Photo by John Todd/ISIPhotos.com
The U.S. men's national team began its new year on Saturday with a 1-1 draw against Chile, and while the first match of 2011 had some of the sloppiness often associated with January friendlies, there were also the bright spots that come with seeing new faces perform.
No, there weren't any hat-tricks or jaw-dropping revelations, but there were players who stepped up and impressed. Unfortunately there were also those who fell flat in their U.S. national team auditions.
Here is my Fox Soccer column on Sunday's match, a piece that lists the players I thought impressed, and those who I felt hurt their standing in the national team pecking order.
Here are some more thoughts on Saturday's match:
The 4-2-3-1 lost out to the 4-4-2 on Saturday, but that had as much to do with Juan Agudelo and Teal Bunbury shining as it had to do with the overall teams not being suited to play the 4-2-3-1. Chris Wondolowski was mis-cast as a target striker, but with 4-2-3-1 likely being the formation of choice in 2011, it's tough to argue that he's any more suited to be a speedy flank option. He's a good one-touch player, makes very smart runs, and can finish, but pace isn't one of his strengths.
It would have been nice to see Wondolowski in a 4-4-2, but it's clear that seeing Bunbury and Agudelo together was more of a priority for Bob Bradley and it's tough to argue with that. Personally, I would like to see Wondolowski again, and if he tears up MLS again this season, it would be tough not to give him a look for the Gold Cup team.
So why didn't Agudelo and Bunbury start? Bob Bradley has used games like these in the past to give longer looks to those he's less certain about. He wasn't as concerned about the result as he was about seeing some who perhaps hadn't done enough in camp, or those he wasn't sold on. If the match was a qualifier or actual tournament, it's a safe bet Agudelo and Bunbury would have been in the starting lineup.
Dax McCarty stood out and only served to make it even more perplexing that FC Dallas gave him away for nothing. Dallas just might see Eric Alexander as his natural replacement, but based on what we saw against Chile, McCarty is a quality talent who just might help D.C. United pull off a dramatic turnaround.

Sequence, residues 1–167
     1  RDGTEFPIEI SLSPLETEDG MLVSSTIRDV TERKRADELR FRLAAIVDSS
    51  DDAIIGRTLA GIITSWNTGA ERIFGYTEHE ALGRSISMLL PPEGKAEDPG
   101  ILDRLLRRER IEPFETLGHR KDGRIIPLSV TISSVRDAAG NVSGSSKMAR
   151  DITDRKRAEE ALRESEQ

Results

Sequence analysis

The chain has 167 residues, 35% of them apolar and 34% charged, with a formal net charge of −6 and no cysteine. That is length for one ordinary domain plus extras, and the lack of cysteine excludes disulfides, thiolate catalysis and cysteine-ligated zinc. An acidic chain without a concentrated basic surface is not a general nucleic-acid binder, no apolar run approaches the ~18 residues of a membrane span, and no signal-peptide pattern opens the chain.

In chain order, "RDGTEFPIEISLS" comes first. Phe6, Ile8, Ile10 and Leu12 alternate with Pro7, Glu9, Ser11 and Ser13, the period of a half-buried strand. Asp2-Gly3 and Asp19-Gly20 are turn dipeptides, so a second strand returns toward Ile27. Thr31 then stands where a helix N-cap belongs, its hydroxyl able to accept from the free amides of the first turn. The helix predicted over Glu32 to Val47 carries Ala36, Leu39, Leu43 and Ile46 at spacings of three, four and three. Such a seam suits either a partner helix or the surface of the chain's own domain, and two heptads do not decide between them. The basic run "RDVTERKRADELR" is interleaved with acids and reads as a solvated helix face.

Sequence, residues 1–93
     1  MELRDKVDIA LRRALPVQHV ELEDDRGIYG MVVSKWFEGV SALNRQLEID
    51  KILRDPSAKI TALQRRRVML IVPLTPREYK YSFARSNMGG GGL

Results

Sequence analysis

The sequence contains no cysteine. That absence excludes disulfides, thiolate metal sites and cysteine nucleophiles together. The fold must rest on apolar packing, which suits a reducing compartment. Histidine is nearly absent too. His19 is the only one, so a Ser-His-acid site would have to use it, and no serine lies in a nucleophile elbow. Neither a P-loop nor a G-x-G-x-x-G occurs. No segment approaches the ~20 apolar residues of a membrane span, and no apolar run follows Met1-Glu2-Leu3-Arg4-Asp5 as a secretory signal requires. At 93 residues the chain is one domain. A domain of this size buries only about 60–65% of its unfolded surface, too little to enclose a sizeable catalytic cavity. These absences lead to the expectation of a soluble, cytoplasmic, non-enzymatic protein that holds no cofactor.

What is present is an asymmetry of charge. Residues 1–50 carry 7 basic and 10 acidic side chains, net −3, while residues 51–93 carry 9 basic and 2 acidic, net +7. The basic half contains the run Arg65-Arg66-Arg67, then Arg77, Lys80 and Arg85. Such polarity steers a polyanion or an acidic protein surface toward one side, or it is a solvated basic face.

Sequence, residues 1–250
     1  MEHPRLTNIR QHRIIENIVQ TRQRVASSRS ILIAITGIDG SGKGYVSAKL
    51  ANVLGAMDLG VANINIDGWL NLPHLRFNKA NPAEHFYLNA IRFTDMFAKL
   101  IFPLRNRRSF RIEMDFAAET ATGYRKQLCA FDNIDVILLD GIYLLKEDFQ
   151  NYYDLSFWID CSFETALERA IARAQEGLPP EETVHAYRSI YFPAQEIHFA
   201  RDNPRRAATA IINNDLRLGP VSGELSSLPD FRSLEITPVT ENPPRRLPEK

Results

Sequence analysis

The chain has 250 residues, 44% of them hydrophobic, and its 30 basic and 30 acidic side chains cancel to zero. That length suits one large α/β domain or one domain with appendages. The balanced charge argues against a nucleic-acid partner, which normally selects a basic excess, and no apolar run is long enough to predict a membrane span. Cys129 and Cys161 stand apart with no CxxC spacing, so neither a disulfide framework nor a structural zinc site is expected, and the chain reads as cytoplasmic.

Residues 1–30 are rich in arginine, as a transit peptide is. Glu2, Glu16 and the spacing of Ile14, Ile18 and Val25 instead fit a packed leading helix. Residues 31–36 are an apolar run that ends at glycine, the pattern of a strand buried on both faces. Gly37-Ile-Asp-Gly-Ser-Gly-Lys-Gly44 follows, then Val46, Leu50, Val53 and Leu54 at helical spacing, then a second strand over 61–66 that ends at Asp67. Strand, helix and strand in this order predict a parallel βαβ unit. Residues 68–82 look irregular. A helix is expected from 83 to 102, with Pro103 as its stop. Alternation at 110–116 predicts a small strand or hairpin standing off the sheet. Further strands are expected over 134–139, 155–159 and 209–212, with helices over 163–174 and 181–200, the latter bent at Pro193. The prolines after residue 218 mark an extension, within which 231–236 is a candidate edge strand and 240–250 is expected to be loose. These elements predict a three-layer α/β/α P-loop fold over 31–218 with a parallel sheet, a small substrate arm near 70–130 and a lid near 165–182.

Sean Johnson didn't have a ton to do in his 45 minutes of action, but the fact that he did play bodes well for his standing as the future of the goalkeeping position. Bill Hamid should be a worthy challenger in the coming years, but Johnson clearly showed enough in camp to earn himself some minutes. Not bad at all for a young goalkeeper.
Omar Gonzalez is dominant in the air, and a threat on set pieces, but he really needs to work on his passing out of the back to be a truly effective centerback. Being paired with Tim Ream helps take some of the distribution pressure off Gonzalez, but he'll be second choice to Ream on the national team until his passing and footwork improve.
Any criticism of Tim Ream's performance is laughable and mis-guided. Some observers choose to get hung up on one or two passes that don't connect without realizing or acknowledging the sheer number of passes, and smart, effective passes he makes. His ability to find teammates up the field is a valuable tool that gives him an advantage over the other young centerbacks in the national team pool.
Brek Shea looked good early on Saturday, but he'll be remembered more for being largely ineffective the rest of the match. He's got the physical tools, but you just have to wonder about his soccer IQ sometimes. Perhaps he can improve on some of his decision-making as he gets older, but I can't help but wonder if he simply doesn't have the soccer brain to be effective on the international level. At least as an attacking player (perhaps a change to centerback could play to his strengths more and hide his deficiencies).
Which players surprised you the most on Saturday? Who impressed you? What are you hoping to see in the Egypt friendly?
Share your thoughts below.